Week 37- Heather Ouellette-Cygan

Posted: December 13, 2011 in Heather Ouellette-Cygan, Week 37

Okay, so last weekend, I went out to the barn and retrieved a veritable time-capsule of my adolescent years. And, among my Michael Jackson memorabilia collection and numerous 80’s magazine clippings, ranging from Joy Division to Frankie Goes to Hollywood to (embarrassingly enough) Hall and Oates, was a bunch of my writing from both school and home.

The one piece I was hoping to find was there – this 30 page novel – which I hand wrote in 8th grade. So, I’ve decided to type it up, with little revision or editorial change, to discover the long-lost story a younger me created.

For this week’s submission, I’ve submitted the first half of “Chapter One” of my untitled novel. I’m enjoying rediscovering as I type. Who was the author of this?

 

An as of Yet Untitled Young Adult Novel

Chapter One

Cordelia walked down those old steps. The same steps she had walked down so many times before. But today was the last time ever. The last time she would ever leave this school. She was glad. Ever since her father had been arrested, she had become an outsider. Cut off from her “friends.” Even the teachers looked at her funny. That school was an awful, cold place for her.

She began to walk the usual way. As she walked by some bushes, out they jumped. About twenty kids, some of them who used to claim to be her friends.

“Corey, we heard you were moving, so we decided to have  a going away surprise for you, “ said Danny Brown, whom she had once had a crush on.

“That’s okay,” she said.

“Oh, but we must, dear Corey,” said June Winters as she swung around her numbchuk sticks.

“Please, will you just leave me alone!”

“Of course not,” said Danny.

They all came at her. There was nothing she could do. The punches, kicks were too much for her. She shut herself off. She couldn’t feel anything. She wasn’t there for at least twenty minutes. Then, they left.

“Now, tell your father to swindle us!” they yelled as they left her alone in her own pool of blood. She didn’t move. She could feel the pain now.

 

It seemed like hours when her mother and younger sister, Nina, finally reached her.

This wasn’t the first time they had met her after school, but it certainly was the worst.

“Oh, God! Look what they’ve done to her. Nina, get the first aid kit out of the glove compartment, fast!” said Aida as she bent down to her bruised daughter. “Honey, can you hear me? Can you talk?”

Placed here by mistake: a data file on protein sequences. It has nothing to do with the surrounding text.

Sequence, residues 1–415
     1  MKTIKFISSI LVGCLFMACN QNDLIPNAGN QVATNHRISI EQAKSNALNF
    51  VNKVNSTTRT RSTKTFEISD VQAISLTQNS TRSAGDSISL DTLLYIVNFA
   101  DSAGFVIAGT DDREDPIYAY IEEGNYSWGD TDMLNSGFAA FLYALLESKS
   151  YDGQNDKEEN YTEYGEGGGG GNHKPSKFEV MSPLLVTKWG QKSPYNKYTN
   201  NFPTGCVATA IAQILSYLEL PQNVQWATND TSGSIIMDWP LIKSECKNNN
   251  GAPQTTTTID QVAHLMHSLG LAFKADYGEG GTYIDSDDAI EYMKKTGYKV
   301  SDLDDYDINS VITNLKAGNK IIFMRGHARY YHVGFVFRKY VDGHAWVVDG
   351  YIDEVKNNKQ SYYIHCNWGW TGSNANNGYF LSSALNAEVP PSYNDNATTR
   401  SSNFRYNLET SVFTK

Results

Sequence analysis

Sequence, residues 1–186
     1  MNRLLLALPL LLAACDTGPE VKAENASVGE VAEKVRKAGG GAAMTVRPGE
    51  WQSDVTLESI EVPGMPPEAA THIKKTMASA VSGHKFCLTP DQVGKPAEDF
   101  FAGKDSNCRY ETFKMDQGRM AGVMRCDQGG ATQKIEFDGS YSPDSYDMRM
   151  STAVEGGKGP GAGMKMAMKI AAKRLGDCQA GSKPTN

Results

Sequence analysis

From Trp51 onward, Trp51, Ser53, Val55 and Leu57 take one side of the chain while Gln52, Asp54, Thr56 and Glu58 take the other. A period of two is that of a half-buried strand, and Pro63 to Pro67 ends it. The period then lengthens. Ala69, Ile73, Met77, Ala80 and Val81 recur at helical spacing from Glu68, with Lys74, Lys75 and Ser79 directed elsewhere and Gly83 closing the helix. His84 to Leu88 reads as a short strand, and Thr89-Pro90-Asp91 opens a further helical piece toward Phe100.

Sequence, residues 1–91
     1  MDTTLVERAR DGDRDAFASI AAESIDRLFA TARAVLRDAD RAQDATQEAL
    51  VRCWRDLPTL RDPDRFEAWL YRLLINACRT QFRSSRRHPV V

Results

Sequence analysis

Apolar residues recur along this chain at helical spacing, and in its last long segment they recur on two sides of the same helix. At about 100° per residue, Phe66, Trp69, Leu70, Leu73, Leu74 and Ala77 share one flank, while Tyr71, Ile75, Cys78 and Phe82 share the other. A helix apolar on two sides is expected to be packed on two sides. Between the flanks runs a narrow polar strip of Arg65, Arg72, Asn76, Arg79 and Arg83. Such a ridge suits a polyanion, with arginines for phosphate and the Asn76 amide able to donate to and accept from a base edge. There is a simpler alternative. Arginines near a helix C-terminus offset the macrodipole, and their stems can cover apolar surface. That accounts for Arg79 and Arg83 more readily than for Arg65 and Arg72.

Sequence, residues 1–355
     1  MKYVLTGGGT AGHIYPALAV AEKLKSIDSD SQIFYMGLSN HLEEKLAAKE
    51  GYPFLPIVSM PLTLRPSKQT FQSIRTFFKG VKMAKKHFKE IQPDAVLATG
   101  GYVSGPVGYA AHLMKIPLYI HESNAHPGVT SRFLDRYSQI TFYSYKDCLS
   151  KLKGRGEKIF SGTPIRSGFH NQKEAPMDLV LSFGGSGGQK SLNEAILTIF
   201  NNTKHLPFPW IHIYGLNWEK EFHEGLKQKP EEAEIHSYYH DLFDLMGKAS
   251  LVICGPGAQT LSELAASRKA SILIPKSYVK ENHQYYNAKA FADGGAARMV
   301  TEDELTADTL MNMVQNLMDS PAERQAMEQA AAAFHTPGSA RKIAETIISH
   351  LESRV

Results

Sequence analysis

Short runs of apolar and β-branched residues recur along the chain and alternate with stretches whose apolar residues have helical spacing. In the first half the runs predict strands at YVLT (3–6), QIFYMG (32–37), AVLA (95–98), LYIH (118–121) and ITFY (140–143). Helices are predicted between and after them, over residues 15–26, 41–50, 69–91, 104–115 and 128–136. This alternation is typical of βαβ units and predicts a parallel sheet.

“Ye-, yes,” was Cordelia’s feeble reply.

“Okay, just keep quiet and don’t move. Hurry up with the first aid kit, Nina!”

“I found it!” Nina yelled as she ran to her mother, who was a nurse.

“Thank you.” Aida patched up her fifteen year-old daughter as best she could, then got her to the hospital.

 

 

“How is she, Frank?” Aida asked the doctor who had once employed her.

“Her right arm is broken in two places. She obviously has several bruises, and she has a slight concussion. We’re going to keep her over-night, but she’ll be fine,” replied the man in white lab coat.

“Is it still okay to move Monday?” asked Aida.

“If there is no change, yes.”

“Can I see her?”

“She is in room 236. Nina can go in too.”

 

“Hi, Baby. How do you feel?” asked the concerned mother as she entered room 236.

“Okay.”

“I’m going to call the principal about those kids, Corey.”

“Please don’t, Mom. They’re just upset about the swindle.”

“That’s no reason for them to take it out on you. That was your father’s and only your father’s doing.”

“I know, but they are mad. Their parents were hurt. They have to take it out on someone.”

“Not you. The only person who deserves to be hurt is that lousy father of yours.”

“Well, he’s getting it in jail.”

“Yes, and by losing his family,” reminded Aida. “I hope he never finds us.”

“Mommy, are we going to see daddy again?” asked a small voice in the corner.

“No, honey,” answered Aida. “I’ve explained it all before. We are moving to a nicer place and we’ll make lots of new friends.”

“Oh,” was all Nina could reply. It hurt her to leave her father even though he’d been bad.

“Corey, you need your rest, so we can leave Monday. So you get some rest and I’ll be here tomorrow to visit, okay?”

“Bye, Mom,” said Cordelia. “I love you.”

“I love you too, darling.”

 

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